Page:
By Mark Duff
BBC, northern Italy
Italian scientists have disappointed generations of love poets - and uncovered what could be a crime mystery dating back hundreds of years.
Tests have shown that the head of one of Italy's most-highly revered writers - the renaissance poet Francesco Petrarch - isn't his.
The finding has put a damper on plans to mark the 700th anniversary of his birth this year.
Petrarch's tomb was opened last year
Petrarch is the man who fine-tuned the poetic form known as the sonnet - for centuries since the poem of choice for love-sick poets everywhere.
His sonnets to the mysterious Laura, whom he first spotted at church on Good Friday in the year 1327, have encouraged generations of literary detectives keen to identify the woman who inspired them.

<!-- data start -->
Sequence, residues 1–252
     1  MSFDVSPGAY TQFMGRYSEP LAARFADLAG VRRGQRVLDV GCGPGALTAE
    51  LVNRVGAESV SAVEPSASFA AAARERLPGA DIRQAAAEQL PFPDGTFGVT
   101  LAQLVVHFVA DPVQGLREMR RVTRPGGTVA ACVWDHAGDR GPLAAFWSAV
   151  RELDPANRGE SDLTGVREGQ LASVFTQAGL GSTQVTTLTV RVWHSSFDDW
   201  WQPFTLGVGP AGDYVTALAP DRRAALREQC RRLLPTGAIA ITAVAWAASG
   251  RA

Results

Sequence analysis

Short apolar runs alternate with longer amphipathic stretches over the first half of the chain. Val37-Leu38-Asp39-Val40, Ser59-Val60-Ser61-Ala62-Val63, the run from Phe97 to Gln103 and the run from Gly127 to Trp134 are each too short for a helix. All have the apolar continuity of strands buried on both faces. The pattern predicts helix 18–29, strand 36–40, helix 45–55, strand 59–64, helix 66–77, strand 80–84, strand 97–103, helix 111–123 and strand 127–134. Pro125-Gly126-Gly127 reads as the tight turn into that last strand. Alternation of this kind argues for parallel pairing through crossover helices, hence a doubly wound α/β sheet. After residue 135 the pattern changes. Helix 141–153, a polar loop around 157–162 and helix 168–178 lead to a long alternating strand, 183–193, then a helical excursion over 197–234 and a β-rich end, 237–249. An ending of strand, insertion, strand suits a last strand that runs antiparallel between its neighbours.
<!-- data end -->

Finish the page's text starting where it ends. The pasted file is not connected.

But now, it seems, another type of detective work may be needed.
Researchers have been studying the body found in Petrarch's tomb at the small town where he died outside Padua in northern Italy in 1374.
The body seems to match Petrarch's own description.
But the head doesn't.
In fact, it looks more like a woman's, according to anatomists from Padua University. Worse: the DNA of the head does not match that of the body.
All of which raises the distinct possibility that at some point grave robbers helped themselves to the skull. Quite when and how - given that the slab covering it weighs two tons - remains a mystery.
The scientists had hoped to use the skull to come up with a life-like portrait of the poet in time for the 700th anniversary of his birth, in July.
Instead, perhaps, they will be indulging in feelings of "what if" just as keenly as Petrarch did over his unrequited love for Laura.